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My Me Too moment happened a while ago, before a movement existed to crown me a designated survivor. After all these years I had almost forgotten about it. Christine Blasey Ford’s tremulous deposition at the Kavanaugh confirmation circus revived my memory.
After three decades, much goes missing. No matter. The Blasey Ford performance showed it is never too late for a woman to declare herself the victim of a man, however dubious the charge.
Day - Encounter - Name - Term - Harassment
On the day of this old encounter, I did not give it a name. Yes, the term sexual harassment was in the air. It had been making its way through academic and legal circles through the 1970s and ‘80s. Catherine MacKinnon and the improbable Andrea Dworkin were, at that moment, alerting women to the magnitude of their abuse.
At the same time, notions of toxic masculinity had not yet seeped into popular culture. Distinctions in gravity between boorishness and sexual assault still held in ordinary life. There was no sisterly hashtag to goad aggrieved women to indict male perfidy, real or imagined, decades past its sell-by date.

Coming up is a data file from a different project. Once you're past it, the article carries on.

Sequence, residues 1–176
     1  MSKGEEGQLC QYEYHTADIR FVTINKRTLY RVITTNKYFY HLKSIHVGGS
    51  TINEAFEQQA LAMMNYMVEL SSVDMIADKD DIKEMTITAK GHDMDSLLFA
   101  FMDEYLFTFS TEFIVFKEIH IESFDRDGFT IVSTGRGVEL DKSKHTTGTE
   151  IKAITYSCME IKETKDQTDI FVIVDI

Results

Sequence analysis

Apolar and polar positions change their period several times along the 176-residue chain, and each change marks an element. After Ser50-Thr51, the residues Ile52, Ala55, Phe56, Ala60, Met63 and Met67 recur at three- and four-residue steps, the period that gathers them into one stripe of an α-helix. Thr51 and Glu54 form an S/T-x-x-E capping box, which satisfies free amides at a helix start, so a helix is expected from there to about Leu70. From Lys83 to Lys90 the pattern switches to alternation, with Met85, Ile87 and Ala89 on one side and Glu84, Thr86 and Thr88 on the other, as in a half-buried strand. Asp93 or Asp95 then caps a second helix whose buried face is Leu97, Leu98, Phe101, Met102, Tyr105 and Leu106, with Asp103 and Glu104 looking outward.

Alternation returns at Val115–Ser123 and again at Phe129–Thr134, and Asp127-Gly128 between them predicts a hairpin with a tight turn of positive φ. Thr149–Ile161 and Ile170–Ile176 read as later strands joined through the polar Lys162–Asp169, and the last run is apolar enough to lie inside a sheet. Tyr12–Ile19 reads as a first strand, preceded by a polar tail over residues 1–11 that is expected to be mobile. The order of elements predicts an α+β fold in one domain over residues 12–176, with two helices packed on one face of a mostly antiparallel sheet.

Besides, I was not aggrieved. Let me explain.
While my children were still young enough to need a parent in the house, I worked at home. I took on design projects for a textile house, plus the occasional commissioned essay. Paying gigs were catch-as-catch-can and my ambition went no further than helping to make our mortgage payments to Williamsburg Savings Bank. Those were lean years. The tempo of life was slow, the days unglamorous.
Afternoon - Nook - Socks - Sheets - Phone
One afternoon, while I was in the laundry nook sorting socks and folding sheets, the phone rang. A resonant male voice at the other end introduced the caller as an editor at the venerable Alfred A. Knopf. I liked the timbre of the voice, authoritative and courtly. But why was it...
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